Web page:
UAPB graduate Mary Wicks finds her footing in fashion at Louis Vuitton

Mary Wicks, a 2001 graduate of the University of Arkansas at Pine Bluff, wears many professional hats. She currently works for Louis Vuitton, the French luxury fashion brand, and she also has experience in a number of other areas, including sales, print media, live reporting and film and television production. .

Wicks attributes her unique and adventurous career to what she calls her passion for people and networking.

After graduating from UAPB with a degree in Mass Communication – Journalism, she worked as a reporter for KTBS-TV Channel 3 in Shreveport. Wanting to broaden her skills and diversify her career after a year of working as a journalist, she packed her bags and headed to Los Angeles.

“I didn’t have an apartment or a job when I made the decision to move to Hollywood,” Wicks said. “I stayed at the hotel the first night, but the next day I found myself an apartment. Thanks to my experience in reporting, I had speaking skills and I knew how to present myself. was really helpful as I started finding jobs and gaining experience in theater and TV/film production.

While building her career in California, she appeared in sketches on Jimmy Kimmel Live and acted in films including “Hollywood Chaos”, which starred Vanessa Simmons and Tyler Lepley, who starred in “The Haves and the Have Nots” by Tyler Perry on the Oprah Winfrey Network.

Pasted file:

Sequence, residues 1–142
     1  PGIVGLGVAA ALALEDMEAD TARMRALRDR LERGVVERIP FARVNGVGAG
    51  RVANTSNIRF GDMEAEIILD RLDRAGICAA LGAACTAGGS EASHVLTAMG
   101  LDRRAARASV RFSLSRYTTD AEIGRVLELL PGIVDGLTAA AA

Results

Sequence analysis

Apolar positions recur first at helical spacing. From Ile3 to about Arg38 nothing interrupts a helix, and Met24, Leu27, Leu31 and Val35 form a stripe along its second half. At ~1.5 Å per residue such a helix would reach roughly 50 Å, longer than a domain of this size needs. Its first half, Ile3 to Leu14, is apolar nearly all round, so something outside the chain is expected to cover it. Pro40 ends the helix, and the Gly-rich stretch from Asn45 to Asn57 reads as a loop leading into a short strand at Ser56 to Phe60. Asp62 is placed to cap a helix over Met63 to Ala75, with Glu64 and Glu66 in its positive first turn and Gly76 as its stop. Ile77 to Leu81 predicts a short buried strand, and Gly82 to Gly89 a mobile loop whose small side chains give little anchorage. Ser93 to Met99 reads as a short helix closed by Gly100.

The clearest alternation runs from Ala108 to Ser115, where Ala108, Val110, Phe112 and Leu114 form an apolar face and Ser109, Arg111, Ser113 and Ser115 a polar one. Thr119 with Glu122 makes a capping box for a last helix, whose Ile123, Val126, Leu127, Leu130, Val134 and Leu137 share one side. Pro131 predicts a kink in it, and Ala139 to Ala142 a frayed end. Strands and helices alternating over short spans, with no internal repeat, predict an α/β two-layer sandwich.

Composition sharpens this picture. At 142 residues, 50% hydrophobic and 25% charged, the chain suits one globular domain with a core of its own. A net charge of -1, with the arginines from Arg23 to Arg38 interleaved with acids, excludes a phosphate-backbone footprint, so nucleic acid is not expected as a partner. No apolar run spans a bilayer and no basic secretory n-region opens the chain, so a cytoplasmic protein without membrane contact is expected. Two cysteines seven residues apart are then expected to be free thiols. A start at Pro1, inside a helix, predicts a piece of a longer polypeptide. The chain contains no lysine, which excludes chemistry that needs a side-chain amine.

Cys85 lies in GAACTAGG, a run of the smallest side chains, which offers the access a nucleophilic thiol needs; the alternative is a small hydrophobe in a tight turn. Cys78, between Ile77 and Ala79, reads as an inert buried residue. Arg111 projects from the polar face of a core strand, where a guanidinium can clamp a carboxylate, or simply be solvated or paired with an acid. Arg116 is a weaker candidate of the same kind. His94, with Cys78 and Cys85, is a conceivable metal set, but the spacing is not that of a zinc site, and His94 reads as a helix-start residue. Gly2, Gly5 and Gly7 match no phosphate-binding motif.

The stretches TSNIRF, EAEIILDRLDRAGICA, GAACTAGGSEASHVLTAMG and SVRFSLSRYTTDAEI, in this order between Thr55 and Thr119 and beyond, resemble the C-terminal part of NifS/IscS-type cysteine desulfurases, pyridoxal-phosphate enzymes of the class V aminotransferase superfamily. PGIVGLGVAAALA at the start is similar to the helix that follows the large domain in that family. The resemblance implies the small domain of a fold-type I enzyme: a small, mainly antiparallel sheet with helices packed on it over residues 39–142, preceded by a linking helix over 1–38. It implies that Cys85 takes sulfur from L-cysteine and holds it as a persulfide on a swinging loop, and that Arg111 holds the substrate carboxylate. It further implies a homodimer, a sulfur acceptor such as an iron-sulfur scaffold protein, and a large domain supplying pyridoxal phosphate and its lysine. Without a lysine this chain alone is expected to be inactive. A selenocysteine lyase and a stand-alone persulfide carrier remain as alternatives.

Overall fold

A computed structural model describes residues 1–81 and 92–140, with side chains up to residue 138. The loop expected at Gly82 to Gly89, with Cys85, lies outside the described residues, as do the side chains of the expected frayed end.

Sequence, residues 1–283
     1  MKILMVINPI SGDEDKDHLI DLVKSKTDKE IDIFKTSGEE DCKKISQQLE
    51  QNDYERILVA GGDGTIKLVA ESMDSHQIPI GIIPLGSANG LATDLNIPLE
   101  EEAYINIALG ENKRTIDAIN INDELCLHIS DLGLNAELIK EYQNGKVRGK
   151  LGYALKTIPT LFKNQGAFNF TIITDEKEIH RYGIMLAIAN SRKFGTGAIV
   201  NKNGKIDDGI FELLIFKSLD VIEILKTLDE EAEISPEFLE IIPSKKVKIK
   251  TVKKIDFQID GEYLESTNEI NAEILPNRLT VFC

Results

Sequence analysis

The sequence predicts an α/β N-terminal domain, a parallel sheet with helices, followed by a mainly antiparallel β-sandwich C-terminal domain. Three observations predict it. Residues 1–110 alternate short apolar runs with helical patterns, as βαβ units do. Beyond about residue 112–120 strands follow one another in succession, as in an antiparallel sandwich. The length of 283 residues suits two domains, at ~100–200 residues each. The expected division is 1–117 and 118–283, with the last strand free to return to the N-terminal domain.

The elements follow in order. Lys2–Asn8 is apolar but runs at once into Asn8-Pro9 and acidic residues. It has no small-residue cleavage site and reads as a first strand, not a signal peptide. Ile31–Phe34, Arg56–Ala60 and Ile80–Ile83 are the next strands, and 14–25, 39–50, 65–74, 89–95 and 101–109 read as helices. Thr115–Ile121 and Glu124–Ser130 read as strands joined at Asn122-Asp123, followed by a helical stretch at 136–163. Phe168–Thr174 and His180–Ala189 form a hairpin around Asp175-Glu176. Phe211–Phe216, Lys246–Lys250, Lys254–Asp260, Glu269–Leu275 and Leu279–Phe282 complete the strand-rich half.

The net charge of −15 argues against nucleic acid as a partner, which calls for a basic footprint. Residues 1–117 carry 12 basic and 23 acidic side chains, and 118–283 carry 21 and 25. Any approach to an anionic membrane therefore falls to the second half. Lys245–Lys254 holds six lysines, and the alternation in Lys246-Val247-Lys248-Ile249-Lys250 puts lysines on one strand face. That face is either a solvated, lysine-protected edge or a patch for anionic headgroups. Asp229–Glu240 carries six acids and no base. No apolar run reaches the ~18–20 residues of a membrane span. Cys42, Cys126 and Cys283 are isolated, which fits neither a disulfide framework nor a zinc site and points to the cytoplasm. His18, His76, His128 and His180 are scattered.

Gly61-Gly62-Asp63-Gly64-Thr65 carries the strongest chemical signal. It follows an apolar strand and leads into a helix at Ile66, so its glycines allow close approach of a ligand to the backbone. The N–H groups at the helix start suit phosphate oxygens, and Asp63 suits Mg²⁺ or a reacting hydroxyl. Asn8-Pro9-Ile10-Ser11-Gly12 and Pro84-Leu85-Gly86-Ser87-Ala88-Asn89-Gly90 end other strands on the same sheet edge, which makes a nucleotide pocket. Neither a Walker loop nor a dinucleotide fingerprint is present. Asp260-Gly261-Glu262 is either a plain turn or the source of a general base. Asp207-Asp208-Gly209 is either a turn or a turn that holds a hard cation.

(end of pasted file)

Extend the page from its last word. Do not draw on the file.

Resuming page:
His acting credits also include “The 7th Commandment”, an independent film produced by Will Smith and Jada Pinkett Smith. She has worked behind the scenes of film productions in roles such as production coordinator and assistant director for films such as “Season of the Witch” with Nicolas Cage and “Open Gate” with Tyler Hoechlin and Agnes Bruckner.

In 2021, she was hired as a talent coordinator for Brat TV. In this role, one of his responsibilities was to recruit talent for the Facebook Watch digital show “Something About Larray”, featuring Larri “Larray” Merritt, a YouTuber and social media influencer.

As her gig with Brat TV began to wind down, Wicks wondered what her next career decision would be. In a moment of serendipity, she discovered a potential job opportunity as a talent acquisition coordinator for Louis Vuitton. She says being offered the job is a testament to the importance of meeting new people and making connections.

“I met my current manager at a Mexican restaurant in Allen, Texas, a suburb of Dallas, when I was a grad student,” she said. “We started talking, and she gave me her card and asked me to stay in touch. I added her to my professional connections on LinkedIn. I stayed in communication – my expertise – and after the graduation, she posted the job on LinkedIn. I immediately reached out. She called me for an interview, and here I am.